Google's ambitious efforts to bring balloon and aircraft-borne connectivity to underserved areas of the globe are pushing past some key milestones, and the company expects a public launch in a few years.
Both projects have captured the imagination of many for their ability to beam Internet signals from platforms high up in the sky to areas without cellular networks, but represent significant engineering challenges for Google -- just the kind of thing the company likes, said Sundar Pichai, a senior vice president at Google, speaking at Mobile World Congress in Barcelona.
The oldest and perhaps best known of the two projects, Project Loon, seeks to use balloons flying around 20 kilometers (65,000 feet) above the Earth to deliver Internet signals. The company's first experiments used a proprietary Wi-Fi signal but that's since changed to LTE cellular signals.
When Google first began launching the balloons two years ago, it couldn't manage to keep them up for more than about five days at a time, but now they are in the sky for as long as six months, delivering LTE signals directly to handsets on the ground. The range it can achieve with each balloon has quadrupled, he said.
"We think the model is really beginning to work," he said.
Google is working on tests of the technology with Vodafone in New Zealand, Telstra in Australia and Telefonica in Latin America.
A newer project called Titan is at the stage where Loon was a couple of years ago, said Pichai.
Titan relies on solar-powered airplanes that can stay aloft for long periods. Unlike the balloons, which will largely be propelled and steered by winds, the airplanes will have a greater degree of movement, he said.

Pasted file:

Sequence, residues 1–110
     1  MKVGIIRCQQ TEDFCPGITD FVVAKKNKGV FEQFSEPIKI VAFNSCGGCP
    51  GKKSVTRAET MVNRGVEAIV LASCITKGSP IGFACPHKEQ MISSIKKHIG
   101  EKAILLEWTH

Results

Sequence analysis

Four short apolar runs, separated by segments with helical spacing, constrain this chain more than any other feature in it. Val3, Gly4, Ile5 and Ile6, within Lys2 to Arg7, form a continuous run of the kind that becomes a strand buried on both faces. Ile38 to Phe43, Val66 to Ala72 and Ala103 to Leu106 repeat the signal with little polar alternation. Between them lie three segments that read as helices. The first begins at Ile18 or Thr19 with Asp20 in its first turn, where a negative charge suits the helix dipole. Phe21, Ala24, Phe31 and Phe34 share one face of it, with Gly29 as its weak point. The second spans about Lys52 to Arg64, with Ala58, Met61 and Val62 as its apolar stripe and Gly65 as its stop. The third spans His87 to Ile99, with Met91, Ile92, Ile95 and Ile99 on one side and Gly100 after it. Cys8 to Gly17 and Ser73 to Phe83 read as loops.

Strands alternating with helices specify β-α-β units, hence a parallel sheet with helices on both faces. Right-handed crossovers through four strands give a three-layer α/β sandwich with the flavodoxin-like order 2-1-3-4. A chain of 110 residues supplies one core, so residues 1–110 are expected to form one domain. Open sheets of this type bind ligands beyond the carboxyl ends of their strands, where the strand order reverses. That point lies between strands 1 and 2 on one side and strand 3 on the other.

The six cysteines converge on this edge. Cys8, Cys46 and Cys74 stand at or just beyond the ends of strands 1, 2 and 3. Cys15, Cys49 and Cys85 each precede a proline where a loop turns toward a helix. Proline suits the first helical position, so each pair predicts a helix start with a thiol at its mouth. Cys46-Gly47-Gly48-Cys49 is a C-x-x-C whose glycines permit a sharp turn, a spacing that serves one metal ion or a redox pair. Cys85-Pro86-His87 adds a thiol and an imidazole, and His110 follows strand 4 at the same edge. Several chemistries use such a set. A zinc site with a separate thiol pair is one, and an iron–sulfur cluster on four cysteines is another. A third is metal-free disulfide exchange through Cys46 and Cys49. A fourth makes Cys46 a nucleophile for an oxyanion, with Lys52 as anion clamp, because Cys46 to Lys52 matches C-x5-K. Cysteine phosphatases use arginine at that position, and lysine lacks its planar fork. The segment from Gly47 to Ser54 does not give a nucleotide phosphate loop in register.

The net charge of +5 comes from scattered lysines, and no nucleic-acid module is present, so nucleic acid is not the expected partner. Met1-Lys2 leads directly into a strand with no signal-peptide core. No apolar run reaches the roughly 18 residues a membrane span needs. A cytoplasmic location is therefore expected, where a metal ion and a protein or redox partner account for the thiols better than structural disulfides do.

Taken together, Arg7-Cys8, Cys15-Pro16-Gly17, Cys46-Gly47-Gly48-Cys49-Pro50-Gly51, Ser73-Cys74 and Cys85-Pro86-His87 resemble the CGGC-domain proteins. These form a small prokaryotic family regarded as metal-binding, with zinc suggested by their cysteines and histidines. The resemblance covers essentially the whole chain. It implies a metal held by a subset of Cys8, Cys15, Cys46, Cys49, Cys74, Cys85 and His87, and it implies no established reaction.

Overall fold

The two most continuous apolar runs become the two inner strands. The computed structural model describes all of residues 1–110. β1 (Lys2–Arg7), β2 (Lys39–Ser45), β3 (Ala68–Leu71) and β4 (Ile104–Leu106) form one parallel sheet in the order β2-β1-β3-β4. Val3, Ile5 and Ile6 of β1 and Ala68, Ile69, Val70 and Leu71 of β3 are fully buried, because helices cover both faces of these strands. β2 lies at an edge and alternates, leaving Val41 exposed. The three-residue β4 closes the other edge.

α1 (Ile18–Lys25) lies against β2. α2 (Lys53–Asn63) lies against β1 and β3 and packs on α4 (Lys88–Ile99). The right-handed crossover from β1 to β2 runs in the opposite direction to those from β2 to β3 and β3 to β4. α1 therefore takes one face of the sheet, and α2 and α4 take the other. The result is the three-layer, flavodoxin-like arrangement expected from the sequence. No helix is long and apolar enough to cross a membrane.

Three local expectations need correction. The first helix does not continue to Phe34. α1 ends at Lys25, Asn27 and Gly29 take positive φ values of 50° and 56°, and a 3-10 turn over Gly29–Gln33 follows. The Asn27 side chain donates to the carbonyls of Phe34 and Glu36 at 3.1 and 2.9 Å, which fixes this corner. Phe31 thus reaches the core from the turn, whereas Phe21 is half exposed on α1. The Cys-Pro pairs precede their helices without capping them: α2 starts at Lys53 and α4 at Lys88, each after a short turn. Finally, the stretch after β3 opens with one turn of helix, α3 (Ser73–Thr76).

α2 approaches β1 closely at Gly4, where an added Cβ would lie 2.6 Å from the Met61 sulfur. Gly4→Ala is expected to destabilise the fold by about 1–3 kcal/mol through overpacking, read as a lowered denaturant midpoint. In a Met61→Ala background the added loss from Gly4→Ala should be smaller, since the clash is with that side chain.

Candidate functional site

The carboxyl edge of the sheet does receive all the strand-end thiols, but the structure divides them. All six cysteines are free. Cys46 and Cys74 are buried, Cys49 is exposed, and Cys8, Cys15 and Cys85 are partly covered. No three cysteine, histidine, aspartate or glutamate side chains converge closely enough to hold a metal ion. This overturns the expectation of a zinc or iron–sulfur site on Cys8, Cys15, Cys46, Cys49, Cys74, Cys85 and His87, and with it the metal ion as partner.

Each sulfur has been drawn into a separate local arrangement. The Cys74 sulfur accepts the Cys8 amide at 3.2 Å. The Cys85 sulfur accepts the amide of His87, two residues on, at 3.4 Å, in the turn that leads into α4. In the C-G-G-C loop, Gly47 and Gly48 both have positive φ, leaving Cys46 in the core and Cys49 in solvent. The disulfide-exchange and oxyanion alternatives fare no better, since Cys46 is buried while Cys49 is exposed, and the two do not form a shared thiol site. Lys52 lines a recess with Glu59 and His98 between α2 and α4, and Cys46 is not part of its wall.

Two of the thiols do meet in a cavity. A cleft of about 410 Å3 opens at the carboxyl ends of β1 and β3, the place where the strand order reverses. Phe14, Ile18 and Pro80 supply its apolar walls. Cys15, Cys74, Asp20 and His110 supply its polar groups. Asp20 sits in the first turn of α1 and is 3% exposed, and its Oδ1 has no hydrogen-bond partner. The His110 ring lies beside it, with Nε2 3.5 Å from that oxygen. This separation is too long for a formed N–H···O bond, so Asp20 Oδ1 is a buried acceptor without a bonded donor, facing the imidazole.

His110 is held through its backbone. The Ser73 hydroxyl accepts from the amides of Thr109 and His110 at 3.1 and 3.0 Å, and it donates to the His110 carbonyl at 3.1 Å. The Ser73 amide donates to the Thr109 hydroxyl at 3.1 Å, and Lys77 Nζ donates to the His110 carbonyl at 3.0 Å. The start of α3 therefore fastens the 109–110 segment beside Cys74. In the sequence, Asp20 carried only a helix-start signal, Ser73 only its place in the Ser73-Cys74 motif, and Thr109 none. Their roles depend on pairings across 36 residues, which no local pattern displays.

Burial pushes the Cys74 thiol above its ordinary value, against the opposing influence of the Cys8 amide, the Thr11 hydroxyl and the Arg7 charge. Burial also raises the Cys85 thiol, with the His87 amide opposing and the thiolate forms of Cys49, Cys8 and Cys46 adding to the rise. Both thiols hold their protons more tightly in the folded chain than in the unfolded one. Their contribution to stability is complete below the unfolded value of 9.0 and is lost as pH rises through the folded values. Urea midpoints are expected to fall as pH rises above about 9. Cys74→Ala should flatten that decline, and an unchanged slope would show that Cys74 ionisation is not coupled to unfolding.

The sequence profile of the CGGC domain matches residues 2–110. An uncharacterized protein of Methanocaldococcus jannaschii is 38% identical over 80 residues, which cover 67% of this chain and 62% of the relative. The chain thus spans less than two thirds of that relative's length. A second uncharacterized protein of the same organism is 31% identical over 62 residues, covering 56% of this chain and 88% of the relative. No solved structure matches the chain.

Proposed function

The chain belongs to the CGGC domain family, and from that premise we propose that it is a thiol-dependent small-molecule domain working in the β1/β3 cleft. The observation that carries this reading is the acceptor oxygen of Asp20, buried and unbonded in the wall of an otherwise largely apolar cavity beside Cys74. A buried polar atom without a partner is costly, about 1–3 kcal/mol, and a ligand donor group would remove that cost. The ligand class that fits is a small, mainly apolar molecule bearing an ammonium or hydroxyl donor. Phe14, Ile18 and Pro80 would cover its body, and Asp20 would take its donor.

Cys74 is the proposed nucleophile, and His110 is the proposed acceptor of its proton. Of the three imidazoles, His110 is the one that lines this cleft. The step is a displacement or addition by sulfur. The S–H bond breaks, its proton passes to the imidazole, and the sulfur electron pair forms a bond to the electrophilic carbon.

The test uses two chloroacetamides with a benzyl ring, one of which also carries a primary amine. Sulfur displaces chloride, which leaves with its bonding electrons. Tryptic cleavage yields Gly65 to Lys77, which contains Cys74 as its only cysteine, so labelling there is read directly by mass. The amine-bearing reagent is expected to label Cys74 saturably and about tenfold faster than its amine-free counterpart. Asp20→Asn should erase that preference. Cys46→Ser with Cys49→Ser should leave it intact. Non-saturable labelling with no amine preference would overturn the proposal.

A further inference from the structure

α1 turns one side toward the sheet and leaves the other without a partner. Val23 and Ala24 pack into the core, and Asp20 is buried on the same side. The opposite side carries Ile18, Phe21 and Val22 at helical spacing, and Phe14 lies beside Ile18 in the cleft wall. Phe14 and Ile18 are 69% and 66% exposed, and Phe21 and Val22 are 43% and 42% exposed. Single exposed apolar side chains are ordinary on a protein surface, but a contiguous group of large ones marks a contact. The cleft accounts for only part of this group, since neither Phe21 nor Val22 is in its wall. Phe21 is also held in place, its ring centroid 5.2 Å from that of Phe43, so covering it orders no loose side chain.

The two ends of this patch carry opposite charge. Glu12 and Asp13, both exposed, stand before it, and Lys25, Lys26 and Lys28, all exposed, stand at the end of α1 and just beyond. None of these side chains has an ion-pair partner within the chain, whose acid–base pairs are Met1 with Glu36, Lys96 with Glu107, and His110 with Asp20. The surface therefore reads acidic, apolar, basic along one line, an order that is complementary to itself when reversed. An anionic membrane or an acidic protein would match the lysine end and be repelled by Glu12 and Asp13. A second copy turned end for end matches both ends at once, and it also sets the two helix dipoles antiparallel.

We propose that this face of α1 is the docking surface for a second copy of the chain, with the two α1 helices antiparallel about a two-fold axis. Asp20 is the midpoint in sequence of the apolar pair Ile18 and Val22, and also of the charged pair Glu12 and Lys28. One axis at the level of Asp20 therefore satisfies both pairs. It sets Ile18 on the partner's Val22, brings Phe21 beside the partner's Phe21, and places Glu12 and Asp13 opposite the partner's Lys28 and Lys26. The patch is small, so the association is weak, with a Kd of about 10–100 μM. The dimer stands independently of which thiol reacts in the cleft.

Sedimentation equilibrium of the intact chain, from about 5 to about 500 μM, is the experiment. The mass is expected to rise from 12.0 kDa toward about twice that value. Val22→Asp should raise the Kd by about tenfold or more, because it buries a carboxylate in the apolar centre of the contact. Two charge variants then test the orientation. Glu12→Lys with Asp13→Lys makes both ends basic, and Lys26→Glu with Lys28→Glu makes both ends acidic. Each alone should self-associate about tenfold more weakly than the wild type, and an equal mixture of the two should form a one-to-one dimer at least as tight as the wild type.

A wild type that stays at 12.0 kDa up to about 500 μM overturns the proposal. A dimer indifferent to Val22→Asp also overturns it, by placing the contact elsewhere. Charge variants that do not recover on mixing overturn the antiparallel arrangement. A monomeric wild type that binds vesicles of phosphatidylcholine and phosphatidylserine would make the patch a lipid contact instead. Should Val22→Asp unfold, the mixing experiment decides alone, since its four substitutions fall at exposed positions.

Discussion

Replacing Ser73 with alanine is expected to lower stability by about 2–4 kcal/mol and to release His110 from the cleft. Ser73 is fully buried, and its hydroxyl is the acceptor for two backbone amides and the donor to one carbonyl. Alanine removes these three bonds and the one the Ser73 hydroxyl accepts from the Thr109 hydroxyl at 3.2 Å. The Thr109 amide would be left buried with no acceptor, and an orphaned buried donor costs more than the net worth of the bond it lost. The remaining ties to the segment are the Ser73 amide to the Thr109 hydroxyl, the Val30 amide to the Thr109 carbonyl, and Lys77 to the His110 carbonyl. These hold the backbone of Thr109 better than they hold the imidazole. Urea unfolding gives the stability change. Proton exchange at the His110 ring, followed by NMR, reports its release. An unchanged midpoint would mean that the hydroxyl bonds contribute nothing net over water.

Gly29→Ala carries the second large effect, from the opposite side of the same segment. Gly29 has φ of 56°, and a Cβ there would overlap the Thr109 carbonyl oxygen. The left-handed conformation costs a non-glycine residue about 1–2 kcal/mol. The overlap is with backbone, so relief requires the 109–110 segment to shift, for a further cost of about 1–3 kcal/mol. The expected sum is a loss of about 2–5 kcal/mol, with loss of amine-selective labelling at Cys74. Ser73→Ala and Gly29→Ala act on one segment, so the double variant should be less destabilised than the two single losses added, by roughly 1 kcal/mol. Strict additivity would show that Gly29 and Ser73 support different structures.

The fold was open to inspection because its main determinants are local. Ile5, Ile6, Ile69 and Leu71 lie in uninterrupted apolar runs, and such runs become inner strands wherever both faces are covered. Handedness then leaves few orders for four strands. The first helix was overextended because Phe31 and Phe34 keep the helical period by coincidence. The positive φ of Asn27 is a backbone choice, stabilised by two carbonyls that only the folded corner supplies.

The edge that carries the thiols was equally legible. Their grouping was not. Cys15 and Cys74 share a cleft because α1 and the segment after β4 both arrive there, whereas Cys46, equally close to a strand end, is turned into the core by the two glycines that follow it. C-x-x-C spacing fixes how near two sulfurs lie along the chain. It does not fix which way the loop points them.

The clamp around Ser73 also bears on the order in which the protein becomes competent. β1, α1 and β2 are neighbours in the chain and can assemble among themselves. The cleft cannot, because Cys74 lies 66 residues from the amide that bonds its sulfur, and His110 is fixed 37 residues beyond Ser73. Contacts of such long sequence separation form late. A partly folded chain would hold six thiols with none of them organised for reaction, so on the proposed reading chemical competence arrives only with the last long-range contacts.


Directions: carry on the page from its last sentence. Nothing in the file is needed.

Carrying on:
"The planes can supplement in areas where we need extra capacity, such as during disaster relief," he said.
Combining the balloons and planes will result in a floating mesh of cell towers, delivering Internet connections to many areas of Earth, said Pichai. Or at least, that's the plan.
The planes are scheduled to make their first test flights in the next few months and Google will be working with cellular carriers around the world on their testing.
"You'll see a lot of progress in the next few years, that's the time frame," said Pichai when asked when the technology will move beyond testing.
He said it won't necessarily be limited to remote areas and could see use in developed nations.
"Even in places like the U.S., we've struggled with peak-demand situations," he said.
Google has two other projects that are bringing wired connectivity to urban areas. Google Fiber continues its expansion in the U.S. this year and Pichai said that Project Link, which has brought a high-speed telecommunications backbone to Kampala in Uganda will be expanded to "many more" countries in Africa this year.
Martyn Williams covers mobile telecoms, Silicon Valley and general technology breaking news for The IDG News Service. Follow Martyn on Twitter at @martyn_williams. Martyn's e-mail address is firstname.lastname@example.org